Peru | Cajamarca : Newmont
Just 24 kilometers from Yanacocha, the Conga mine is Newmont's latest effort to expand its gold mining operations in Peru.
Having seemingly failed to learn from the controversy it faced in Yanacocha, Newmont initially developed the mine without obtaining the free, prior and informed consent of the local community. Despite repeated, sometimes violent protests, the Conga mine has been approved.
Perhaps Newmont chose not to ask because they knew the majority of the community opposed the mine. Conga threatens a highly fragile ecosystem. Full development of Conga would destroy sources for 5 rivers, remove 5 mountain lakes, and ruin hundreds of hectares of wetlands. Local residents fear the mine would endanger the water supply of the region of Cajamarca, an analysis shared by international experts.
In 2012, Cajamarcans launched a protest that led the central government to declare a federal emergency. Five protesters died as a result of violent clashes with the police. Officers also detained Marco Arana, a former priest and community leader actively opposed to the mine. The police response led to protesters filing a complaint against the Peruvian government with the Inter-American Commission on Human Rights this past March. As a result of these protests, the Peruvian government suspended the project, giving the company two years to come up with a plan that would ensure continued water supplies to the community.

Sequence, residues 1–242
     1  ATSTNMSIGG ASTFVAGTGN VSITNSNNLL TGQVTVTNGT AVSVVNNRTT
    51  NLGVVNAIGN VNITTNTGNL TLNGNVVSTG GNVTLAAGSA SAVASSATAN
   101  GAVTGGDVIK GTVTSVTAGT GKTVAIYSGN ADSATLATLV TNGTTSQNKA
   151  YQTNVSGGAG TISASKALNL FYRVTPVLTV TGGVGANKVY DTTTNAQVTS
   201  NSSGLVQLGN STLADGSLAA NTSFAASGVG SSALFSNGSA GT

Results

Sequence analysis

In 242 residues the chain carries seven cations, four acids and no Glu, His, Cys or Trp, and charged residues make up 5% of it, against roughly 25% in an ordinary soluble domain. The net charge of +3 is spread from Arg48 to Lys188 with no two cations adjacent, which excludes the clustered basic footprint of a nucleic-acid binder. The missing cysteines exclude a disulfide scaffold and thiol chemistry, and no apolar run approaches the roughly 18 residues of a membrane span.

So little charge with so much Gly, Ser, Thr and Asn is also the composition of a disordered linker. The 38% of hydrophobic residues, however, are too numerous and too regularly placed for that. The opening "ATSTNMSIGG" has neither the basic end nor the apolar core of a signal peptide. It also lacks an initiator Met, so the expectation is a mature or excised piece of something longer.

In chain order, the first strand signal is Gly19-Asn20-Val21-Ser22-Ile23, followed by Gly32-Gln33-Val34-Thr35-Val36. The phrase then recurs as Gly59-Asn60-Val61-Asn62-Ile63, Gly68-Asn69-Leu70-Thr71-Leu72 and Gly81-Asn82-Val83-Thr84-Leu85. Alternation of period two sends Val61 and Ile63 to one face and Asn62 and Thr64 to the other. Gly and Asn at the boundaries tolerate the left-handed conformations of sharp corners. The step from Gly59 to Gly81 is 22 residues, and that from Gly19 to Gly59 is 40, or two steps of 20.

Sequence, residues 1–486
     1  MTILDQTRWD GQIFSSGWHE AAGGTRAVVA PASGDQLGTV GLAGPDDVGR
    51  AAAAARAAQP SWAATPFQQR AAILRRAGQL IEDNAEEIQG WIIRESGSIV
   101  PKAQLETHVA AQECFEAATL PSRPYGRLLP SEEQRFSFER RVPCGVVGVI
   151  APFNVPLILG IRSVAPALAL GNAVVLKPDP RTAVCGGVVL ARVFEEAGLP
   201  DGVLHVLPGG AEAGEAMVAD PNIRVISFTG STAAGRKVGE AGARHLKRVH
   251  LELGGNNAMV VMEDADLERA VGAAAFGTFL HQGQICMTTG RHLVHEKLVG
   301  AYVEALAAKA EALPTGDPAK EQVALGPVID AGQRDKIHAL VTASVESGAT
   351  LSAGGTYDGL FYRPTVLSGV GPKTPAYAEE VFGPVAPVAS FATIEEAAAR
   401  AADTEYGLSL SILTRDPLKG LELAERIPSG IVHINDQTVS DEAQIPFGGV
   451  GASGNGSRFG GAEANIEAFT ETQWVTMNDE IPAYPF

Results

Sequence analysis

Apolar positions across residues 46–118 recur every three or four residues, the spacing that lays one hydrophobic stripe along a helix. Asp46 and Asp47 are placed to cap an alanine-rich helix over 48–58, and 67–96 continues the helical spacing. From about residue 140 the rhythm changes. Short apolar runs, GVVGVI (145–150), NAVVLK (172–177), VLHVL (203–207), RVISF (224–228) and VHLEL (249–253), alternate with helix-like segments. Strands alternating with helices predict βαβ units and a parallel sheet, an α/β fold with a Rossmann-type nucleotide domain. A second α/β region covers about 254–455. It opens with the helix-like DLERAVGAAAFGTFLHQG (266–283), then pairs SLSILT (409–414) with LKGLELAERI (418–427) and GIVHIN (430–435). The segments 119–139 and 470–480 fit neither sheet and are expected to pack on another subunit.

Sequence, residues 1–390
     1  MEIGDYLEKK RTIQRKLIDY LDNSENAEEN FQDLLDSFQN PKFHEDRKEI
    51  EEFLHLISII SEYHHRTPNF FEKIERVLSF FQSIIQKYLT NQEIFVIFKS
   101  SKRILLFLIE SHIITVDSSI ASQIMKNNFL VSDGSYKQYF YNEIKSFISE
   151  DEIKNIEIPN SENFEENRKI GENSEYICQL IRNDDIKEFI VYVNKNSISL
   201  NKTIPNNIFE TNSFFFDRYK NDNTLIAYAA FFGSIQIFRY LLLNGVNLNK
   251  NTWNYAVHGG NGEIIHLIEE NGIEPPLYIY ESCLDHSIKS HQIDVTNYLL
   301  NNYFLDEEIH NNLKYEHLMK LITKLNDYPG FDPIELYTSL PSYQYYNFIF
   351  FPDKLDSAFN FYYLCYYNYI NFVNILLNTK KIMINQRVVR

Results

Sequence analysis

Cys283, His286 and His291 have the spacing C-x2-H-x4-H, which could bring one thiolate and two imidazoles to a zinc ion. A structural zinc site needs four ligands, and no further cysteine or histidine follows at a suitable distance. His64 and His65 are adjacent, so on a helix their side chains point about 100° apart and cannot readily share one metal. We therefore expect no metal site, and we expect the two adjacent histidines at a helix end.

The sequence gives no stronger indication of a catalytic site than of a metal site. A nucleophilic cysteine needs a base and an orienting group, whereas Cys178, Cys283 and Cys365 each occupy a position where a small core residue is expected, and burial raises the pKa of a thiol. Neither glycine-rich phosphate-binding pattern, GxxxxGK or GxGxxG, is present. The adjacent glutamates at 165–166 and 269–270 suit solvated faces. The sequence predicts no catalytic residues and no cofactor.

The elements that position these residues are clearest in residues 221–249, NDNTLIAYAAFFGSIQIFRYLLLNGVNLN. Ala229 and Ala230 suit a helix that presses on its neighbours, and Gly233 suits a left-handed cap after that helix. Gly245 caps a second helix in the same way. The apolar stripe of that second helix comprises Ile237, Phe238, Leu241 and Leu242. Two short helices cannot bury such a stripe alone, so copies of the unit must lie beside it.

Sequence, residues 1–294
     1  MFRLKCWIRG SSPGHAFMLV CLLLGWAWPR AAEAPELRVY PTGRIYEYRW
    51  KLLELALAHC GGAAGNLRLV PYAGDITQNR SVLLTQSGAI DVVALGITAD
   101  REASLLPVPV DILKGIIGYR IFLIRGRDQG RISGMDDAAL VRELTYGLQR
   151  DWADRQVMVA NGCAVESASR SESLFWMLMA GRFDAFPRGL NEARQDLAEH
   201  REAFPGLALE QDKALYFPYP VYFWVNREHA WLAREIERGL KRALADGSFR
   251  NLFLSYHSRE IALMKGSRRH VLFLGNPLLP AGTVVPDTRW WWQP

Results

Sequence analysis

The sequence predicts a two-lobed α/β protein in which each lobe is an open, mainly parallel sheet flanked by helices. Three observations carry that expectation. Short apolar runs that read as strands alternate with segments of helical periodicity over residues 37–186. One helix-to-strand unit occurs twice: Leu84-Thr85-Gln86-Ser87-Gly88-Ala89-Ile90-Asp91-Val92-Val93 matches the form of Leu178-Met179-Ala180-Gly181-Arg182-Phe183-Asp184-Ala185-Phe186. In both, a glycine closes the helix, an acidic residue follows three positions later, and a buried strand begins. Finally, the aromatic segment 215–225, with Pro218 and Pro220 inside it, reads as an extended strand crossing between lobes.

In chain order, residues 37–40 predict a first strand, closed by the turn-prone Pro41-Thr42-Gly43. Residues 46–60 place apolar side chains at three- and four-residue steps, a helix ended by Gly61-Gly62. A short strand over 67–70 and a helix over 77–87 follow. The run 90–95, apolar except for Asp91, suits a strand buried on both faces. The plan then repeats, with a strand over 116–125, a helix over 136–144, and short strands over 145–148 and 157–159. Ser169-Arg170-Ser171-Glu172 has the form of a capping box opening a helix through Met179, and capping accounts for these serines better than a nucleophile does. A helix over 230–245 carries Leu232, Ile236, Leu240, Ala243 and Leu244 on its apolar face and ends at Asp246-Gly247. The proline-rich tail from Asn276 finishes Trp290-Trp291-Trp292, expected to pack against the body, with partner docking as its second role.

The suspension was not the first for Conga. In 2011, thousands of people opposed to the mine declared a strike for six days.The Ministry of Environment also concluded that an environmental impact assessment of the mine conducted by Newmont was incomplete. The resulting social tensions and political pressure forced the company to suspend its operations -- at a cost of $2 million a day.
Recently, Newmont announced the launch of a "water first" plan, restarted it with a plan to build reservoirs to ensure water supply, in light of the massive quantities of freshwater the mine would consume. But community members are not appeased.
"The mine needs water for its project and it's going to give us polluted water," said Wilfredo Saavedra, a community leader told Reuters. "We want them to leave us alone with our lakes, which are enough for us."